Batgirl #24 by Gail Simone (Comics Review)

There are some comics out there that are all action and little plot/characterisation. There are some comics that are the reverse as well, heavy on the plot/characterisation and little action. In that regard, there are few comics that manage to balance the two, and balance them well at that. This is where Gail Simone’s current run on Batgirl comes in because it is one of those few ongoing series that maintains that balance.

When last we were with Barbara Gordon, she had just suffered one of the lowest points of her life and things looked really dire for her as the Wanted arc kicked off to fanfare and horribly moving moments. As with Scott Snyder’s Batman, Gail’s Batgirl is one of the very few DC books that manages to be helluva consistent issue to issue, and Batgirl #24 is the latest in that stellar consistency.

Batgirl 24Things are incredibly tough for Barbara right now. Coming off the Death of the Family arc, where she had to go toe-to-toe against Joker once again, facing the Clown Prince of Crime for the first time since he left her paralysed all those years ago, she’s gone from one soul-destroying moment to another. First there was the murder of her brother Jim Jr at her own hands. Of course, he kind of deserved it since he was clinically insane and wanted to kill her and his parents, but that doesn’t take away from the emotional impact of the whole event. And then, as you can see from this awesome cover above, Barbara has lost yet another person close to her. It is no surprise then that she is kind of an emotional wreck right now and things are not looking to improve. At all.

When this issue starts, we are back where the previous issue left off, the big standoff between the GCPD and Barbara and Ricky and Rolo and the gangleader Tyrell. It was a mess of a situation then, and it is a mess now, except for the fact that Ricky is dead, or close to it. And once Barbara is able to get out of the place, with the GCPD hot on her heels, things don’t get any better, not by a long shot. Its one emotionally-twisting moment after another for her. And we begin to learn just what Charise Carnes aka Knightfall is planning with all the high-tech weapons hardware that she has been flooding the streets of Gotham with for a while, arming the gangs and creating a, practically, situation of terror. This is where a lot of the pieces from the previous issue begin to fall into place, and Knightfall’s return to the series finally starts to make sense (although yeah, this is only the second issue with her return so things haven’t been confusing, but explanations are always nice).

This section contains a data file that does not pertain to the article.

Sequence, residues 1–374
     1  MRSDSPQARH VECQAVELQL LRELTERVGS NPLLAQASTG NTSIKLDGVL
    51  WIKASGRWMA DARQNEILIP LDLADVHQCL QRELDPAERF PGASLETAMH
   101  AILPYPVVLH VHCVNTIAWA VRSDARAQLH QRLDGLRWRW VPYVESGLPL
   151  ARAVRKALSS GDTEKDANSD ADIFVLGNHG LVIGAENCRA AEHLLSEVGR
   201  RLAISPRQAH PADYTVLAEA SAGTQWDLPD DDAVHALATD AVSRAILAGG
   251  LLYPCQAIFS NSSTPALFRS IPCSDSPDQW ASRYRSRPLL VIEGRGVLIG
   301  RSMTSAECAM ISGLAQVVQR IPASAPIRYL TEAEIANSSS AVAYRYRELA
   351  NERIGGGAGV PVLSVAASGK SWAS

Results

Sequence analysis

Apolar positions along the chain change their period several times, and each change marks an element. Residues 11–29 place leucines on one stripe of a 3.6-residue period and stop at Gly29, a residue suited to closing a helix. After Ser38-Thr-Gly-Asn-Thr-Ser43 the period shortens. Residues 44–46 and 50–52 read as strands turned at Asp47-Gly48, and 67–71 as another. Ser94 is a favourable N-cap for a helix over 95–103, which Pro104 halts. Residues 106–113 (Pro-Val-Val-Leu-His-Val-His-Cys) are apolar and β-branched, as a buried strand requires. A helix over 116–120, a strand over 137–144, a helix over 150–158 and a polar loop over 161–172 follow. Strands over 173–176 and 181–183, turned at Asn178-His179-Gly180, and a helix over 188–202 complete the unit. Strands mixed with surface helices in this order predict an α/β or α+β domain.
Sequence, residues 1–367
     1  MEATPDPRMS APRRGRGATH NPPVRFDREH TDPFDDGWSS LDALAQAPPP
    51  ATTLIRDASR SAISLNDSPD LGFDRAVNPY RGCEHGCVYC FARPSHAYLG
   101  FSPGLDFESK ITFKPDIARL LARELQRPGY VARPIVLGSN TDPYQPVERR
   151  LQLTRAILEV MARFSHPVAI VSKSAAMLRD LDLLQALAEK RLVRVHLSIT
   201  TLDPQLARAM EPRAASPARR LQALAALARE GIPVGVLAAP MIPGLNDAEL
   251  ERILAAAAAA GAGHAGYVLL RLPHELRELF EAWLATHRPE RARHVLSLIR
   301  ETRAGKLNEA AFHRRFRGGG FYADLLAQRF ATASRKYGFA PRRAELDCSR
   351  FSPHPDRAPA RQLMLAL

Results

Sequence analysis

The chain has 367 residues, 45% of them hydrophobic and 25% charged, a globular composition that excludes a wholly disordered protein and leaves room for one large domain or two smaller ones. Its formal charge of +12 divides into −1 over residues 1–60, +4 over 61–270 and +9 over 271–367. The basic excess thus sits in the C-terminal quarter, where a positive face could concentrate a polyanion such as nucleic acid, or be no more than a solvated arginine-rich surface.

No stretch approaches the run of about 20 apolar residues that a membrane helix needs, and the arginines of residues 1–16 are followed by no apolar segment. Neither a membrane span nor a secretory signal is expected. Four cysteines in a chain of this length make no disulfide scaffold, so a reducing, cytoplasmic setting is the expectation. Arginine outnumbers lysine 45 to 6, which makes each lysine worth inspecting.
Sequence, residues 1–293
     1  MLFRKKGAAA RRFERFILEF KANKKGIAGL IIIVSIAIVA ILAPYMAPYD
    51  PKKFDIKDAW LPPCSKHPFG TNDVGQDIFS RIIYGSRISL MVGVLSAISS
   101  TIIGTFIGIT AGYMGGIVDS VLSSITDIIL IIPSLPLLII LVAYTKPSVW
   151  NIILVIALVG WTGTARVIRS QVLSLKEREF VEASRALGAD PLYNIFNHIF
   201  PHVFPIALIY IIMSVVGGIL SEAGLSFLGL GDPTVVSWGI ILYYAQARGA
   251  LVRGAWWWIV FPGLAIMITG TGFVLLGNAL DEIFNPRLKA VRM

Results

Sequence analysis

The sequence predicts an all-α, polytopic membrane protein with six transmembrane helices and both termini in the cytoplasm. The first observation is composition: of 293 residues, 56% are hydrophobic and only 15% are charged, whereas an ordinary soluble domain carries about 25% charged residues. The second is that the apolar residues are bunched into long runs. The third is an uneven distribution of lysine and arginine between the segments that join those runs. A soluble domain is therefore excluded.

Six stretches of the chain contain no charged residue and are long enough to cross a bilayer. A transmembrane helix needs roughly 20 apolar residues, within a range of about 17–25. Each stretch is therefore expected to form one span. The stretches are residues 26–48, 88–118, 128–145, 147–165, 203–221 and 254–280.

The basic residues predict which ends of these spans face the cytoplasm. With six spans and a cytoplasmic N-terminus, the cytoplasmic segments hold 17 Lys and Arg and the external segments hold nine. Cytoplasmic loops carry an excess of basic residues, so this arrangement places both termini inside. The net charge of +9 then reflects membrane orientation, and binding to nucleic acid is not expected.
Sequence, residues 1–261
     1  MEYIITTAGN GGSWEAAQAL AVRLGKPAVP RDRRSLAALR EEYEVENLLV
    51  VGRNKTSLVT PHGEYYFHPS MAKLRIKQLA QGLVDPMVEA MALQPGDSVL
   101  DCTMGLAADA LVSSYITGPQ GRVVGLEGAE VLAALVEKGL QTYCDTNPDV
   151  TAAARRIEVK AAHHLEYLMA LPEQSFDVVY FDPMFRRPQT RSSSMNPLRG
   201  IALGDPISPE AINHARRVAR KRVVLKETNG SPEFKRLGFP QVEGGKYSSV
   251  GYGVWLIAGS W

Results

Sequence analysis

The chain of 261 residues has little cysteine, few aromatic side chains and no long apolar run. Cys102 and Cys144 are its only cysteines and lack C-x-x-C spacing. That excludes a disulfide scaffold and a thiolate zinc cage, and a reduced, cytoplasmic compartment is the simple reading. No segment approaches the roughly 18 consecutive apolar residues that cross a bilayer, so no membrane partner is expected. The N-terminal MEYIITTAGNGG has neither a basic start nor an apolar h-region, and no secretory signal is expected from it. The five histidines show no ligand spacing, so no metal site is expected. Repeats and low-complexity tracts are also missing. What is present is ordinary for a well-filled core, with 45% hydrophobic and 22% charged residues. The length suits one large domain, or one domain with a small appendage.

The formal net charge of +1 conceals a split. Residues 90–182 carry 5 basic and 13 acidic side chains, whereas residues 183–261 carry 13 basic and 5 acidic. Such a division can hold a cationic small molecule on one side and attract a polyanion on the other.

Gail knows how to write a story that moves you emotionally and has a significant impact. She’s done it repeatedly throughout the series and this new issue is no different. This entire arc might be called “Wanted” but what it really is, is Death of the Family in micro, focusing on just Barbara and her actual family outside of Batman and his students, ex-students or otherwise. This entire series right now is about how Barbara is beginning to lose all the pieces of her family and Gail doesn’t hold back in that regard. Since Barbara is one of my favourite characters in comics, it really saddens that she is going through such an emotional wringer. And that is a mark of how well she is written. It speaks to Gail’s writing skills really.

Given the way that this issue, I’m really anxious as to how things are going to move forward in #26. Now if only #25 wasn’t a Zero Year tie-in!

Fernando Pasarin outdoes himself once again for this issue. I love his pencilwork and how he draws his characters. They sometimes look a little too similar to each other, but that’s a minor point, and nothing particularly damning. And the way that he keeps Gail’s script flowing was just great. There are lots of little touches in his artwork that reinforce the whole emotional angle that Gail is going for, and I love the harmony between the two. Of course, that’s not to say that inker Jonathan Glapion, another fantastic artist, and colourist Blond aren’t doing their job. They most assuredly are. Visually, these three make Batgirl as iconic a book as with the team behind Scott Snyder’s Batman. One great issue after another.

And finally, Alex Garner just rocks with the cover art. The one for the previous issue was pretty damn excellent and so is this one. As a friend said, it subtly references the Batman: A Death In The Family one-shot from yesteryears, the issue that saw Jason Todd being murdered by the Joker in cold-blood. This one is a really great piece of artwork and I hope that Alex has a long and fruitful run on this title.

Rating: 9.5/10

More Batgirl: Vol.1, Vol.2, #23.

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Posted on October 9, 2013, in Comics Reviews, Review Central and tagged , , , , , , , , , , , , , , . Bookmark the permalink. 13 Comments.

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